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UPDATE: Attorneys Argue Removing Tenure Laws Bad For Students, Teachers

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(Photo credit BORYANA KATSAROVA/AFP/Getty Images)

(Photo credit BORYANA KATSAROVA/AFP/Getty Images)

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LOS ANGELES (AP) – Loss of the state’s teacher tenure laws would be bad for students and teachers alike, an attorney for teachers told a judge Thursday.

Attorney James Finberg told Superior Court Judge Rolf Treu that tossing the job protection of tenure would leave teachers vulnerable to the whims of angry parents and ineffective administrators.

Attorneys for nine students who brought the lawsuit say that current law saddles students with incompetent teachers who are all but impossible to fire.

But Finberg said under-performing administrators who fail to run their districts well and supervise their teachers properly are the real problem. Of the nine students who brought the lawsuit, he said none were able to prove they had ever had an ineffective teacher.

Closing arguments were expected to end Thursday, but it was unclear when Treu would rule.

Attorneys for the students earlier told Treu that existing tenure laws deny thousands of California students their right to a good education by making it nearly impossible for administrators to fire bad teachers or retain good ones and must be struck down.

Because of that law and others regarding seniority and teacher discipline, thousands of incompetent teachers remain in California’s classrooms year after year, attorney Theodore Boutrous Jr. said.

Boutrous said saddling a student with a bad teacher for just one year can cost a youngster tens of thousands of dollars in future lifetime earnings, influence whether the youngster gets to college and adversely affect the youngster’s life in numerous personal ways.

“When a student has a grossly ineffective teacher, it harms them. It harms them for the rest of their lives,” Boutrous said.

Finberg rejected the argument that teacher tenure hurts the quality of education.

“Striking the statute would do nothing to improve things in poorly managed districts,” he said. “Indeed, giving poorly run districts more authority would make things worse.”

Under current law, California public schoolteachers can obtain tenure after two years, which Boutrous argued doesn’t give administrators enough time to fairly evaluate a new teacher. He suggested three to five years would make more sense.

Once teachers obtain tenure, said his fellow plaintiffs’ attorney, Marcellus McRae, statistics show it is almost impossible to fire them.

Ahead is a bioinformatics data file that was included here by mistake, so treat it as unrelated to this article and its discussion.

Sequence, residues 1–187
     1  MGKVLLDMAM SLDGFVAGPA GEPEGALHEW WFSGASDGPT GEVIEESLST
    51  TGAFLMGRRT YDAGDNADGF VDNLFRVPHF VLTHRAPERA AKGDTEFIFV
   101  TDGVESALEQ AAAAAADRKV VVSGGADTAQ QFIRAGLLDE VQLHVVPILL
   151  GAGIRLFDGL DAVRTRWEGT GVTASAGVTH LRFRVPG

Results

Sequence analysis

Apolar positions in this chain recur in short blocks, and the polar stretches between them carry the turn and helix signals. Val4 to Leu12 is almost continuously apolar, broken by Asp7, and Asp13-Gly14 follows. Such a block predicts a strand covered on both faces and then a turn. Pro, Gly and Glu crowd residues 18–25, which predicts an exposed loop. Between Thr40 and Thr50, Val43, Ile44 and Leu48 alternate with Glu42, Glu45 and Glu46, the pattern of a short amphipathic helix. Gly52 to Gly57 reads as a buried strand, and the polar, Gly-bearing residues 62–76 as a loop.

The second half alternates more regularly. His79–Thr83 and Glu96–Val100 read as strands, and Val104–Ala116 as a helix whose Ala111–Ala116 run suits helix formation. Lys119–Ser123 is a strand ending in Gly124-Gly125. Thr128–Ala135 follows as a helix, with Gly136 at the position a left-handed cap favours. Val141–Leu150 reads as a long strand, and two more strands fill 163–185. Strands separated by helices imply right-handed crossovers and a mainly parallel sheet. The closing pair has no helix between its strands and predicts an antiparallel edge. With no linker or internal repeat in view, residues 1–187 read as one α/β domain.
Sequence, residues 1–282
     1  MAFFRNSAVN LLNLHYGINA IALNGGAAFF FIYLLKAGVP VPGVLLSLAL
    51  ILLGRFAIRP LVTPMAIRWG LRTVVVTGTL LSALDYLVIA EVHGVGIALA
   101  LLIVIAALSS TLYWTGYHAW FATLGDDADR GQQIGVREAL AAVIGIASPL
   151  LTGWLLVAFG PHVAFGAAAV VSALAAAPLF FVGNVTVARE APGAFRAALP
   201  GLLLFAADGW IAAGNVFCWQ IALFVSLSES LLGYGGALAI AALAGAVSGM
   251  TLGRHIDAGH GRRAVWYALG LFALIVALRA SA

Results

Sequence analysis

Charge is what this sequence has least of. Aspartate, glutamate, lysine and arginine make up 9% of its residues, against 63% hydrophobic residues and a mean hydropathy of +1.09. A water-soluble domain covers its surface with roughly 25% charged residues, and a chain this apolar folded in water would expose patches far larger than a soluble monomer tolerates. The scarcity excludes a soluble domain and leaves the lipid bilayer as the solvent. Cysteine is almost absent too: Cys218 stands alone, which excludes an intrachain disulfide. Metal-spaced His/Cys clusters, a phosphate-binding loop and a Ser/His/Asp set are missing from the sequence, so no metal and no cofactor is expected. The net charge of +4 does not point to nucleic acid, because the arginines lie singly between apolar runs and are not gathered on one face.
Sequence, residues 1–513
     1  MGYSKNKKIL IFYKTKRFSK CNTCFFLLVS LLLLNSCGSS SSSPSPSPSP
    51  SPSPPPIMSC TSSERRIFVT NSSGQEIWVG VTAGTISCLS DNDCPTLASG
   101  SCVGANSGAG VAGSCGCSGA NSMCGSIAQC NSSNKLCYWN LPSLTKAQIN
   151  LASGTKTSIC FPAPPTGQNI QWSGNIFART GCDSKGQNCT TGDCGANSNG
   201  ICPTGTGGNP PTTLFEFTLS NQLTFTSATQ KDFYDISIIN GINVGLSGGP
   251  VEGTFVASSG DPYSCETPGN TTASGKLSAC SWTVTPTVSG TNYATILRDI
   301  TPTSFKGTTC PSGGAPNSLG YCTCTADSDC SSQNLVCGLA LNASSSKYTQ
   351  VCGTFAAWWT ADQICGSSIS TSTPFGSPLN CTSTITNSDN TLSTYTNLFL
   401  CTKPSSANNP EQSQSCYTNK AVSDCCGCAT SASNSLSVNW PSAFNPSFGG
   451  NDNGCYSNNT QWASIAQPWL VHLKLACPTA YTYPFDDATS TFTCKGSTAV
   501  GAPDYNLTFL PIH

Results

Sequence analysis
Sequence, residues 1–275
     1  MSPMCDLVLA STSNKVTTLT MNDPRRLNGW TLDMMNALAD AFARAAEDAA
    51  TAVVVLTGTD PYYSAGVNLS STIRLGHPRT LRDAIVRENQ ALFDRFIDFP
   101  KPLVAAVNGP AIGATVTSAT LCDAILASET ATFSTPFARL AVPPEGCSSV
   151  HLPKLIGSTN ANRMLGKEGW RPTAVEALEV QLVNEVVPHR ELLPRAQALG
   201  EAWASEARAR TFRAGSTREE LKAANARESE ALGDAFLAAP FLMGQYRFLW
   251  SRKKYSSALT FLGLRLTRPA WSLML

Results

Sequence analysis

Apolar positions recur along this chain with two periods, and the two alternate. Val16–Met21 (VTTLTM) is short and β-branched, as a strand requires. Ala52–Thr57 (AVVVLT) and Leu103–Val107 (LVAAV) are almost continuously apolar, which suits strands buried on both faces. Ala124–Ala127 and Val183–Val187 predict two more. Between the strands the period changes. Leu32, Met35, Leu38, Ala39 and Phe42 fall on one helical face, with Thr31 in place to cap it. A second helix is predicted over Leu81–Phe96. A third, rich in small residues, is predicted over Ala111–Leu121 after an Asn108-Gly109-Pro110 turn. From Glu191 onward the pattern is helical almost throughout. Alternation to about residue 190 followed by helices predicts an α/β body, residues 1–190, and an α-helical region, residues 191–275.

He cited testimony during the two-month trial that of California’s 275,000 teachers, only an average of 2.2 a year are fired.

McRae also noted that Los Angeles Schools Superintendent John Deasy testified during the trial that it can take over two years on average to fire an incompetent teacher and sometimes as long as 10. The cost of doing so, he said, can run anywhere from $250,000 to $450,000.

McRae also attacked seniority laws requiring that the last teachers hired be among the first fired when a cash-strapped school district must lay off employees. He noted that one former teacher of the year who testified during the trial said that was the reason she lost her job.

When openings do occur, McRae argued, they often are at poor schools with large minority student populations, the places where he said ineffective teachers are often shunted off to because it’s too hard to fire them.

“Have we not had enough in this country’s history of short-shafting minority and poor people?” he asked in a sometimes impassioned closing argument. “This is unconscionable. This has to stop.”

Teachers union officials say those job protections are vital to attracting and keeping quality teachers in a profession already losing talented people to higher-paid private-sector positions.

They have pointed out that since Deasy became superintendent, the number of schoolteachers fired in his district has increased substantially.

During the 2009-2010 school year, only 10 teachers were fired. During the 2011-2012 year, after Deasy joined the district, 99 teachers were fired and 122 others resigned rather than risk being fired.

The trial represents the latest battle in a nationwide movement to abolish or toughen the standards for granting teachers permanent employment protection and seniority-based preferences during layoffs. Dozens of states have moved in recent years to get rid of or raise the standards for obtaining such protections.

More than 150 people, including numerous students, parents, teachers and administrators, were in court to hear Thursday’s closing arguments.

Among them were many of the nine students who brought the lawsuit, Vergara v. California. Also present were Deasy and former California Gov. Pete Wilson.

Copyright 2014 The Associated Press.

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